Legal Marijuana Now Becomes Official Political Party in Nebraska

Nebraska’s Secretary of State gave final approval for Legal Marijuana Now to become an official political party in the state.

Full story after the jump.

Nebraska’s Secretary of State Bob Evnen has given final go-ahead to Legal Marijuana Now (LMN) to begin activities as a political party in the state, the Associated Press reports. Evnen said the party can now register candidates for the 2022 election, voters can register as party members, and elected officials can nominate candidates for office.

In order to qualify, activists Mark Elworth Jr. and Krystal Gabel needed to collect at least one percent of the total number of votes in the latest governor’s race in Nebraska’s three Congressional Districts. They gathered over 10,000 valid signatures over a four-year period, which far exceeded the estimated 6,800 needed for approval.

“The Legal Marijuana Now Party is a political party organized in the United States to oppose drug prohibition. Legal Marijuana Now was established in 1998 in St. Paul, MN. It is a progression from the Grassroots party.” — LMN party website

Originally founded in Minnesota, LMN endorsed Senate candidate Kevin O’Connor, House District 2 candidate Adam Charles Weeks, and a host of others running for state office in 2020. The party’s platform includes the legalization of cannabis homegrows, the erasure of marijuana convictions, an end to employee drug testing, abolishing the Drug Enforcement Agency, and combating pollution with hemp agriculture.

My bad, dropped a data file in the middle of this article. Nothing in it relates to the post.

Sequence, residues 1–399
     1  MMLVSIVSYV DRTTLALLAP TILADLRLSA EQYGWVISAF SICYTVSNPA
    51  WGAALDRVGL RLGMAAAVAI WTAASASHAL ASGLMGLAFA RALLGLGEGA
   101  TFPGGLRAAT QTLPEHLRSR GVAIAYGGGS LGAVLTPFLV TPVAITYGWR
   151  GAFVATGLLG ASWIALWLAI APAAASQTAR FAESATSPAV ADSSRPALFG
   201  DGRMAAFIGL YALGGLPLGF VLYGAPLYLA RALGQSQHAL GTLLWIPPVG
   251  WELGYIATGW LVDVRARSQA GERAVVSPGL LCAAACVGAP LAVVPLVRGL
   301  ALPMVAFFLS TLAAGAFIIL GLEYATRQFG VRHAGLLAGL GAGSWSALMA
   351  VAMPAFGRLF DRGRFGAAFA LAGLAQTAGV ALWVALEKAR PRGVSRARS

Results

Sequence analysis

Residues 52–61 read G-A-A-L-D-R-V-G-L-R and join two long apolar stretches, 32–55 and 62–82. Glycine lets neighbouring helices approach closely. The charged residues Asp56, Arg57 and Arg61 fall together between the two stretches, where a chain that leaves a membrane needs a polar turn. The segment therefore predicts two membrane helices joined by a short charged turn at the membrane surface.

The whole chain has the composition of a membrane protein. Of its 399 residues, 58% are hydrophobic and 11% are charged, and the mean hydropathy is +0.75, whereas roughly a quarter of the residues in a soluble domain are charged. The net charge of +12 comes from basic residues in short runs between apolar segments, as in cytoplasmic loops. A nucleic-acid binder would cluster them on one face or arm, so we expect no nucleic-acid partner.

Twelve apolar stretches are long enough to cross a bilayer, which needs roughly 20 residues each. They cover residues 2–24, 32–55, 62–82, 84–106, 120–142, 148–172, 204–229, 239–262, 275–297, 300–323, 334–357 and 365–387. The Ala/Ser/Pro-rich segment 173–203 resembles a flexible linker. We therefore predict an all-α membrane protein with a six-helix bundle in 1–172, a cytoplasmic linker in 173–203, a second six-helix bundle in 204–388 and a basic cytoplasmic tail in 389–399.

“The voters of Nebraska have experienced many failed referendum petitions in the past and are currently witnessing a gridlocked Unicameral,” said Krystal Gabel, Legal Marijuana NOW’s National Party Chair. “The process of obtaining ballot access with the LMN petition breaks a decades-long political stalemate with the State of Nebraska on the issue of cannabis.”

After submitting the necessary signatures last year, Elworth stated his goal for the party in Nebraska was to discourage young people from leaving the state, saying that young Nebraskans feel “hopeless” when it comes to the state’s future and are leaving in droves.

Editor’s note: This article was updated to include the statement by Krystal Gabel of the LMN.

 

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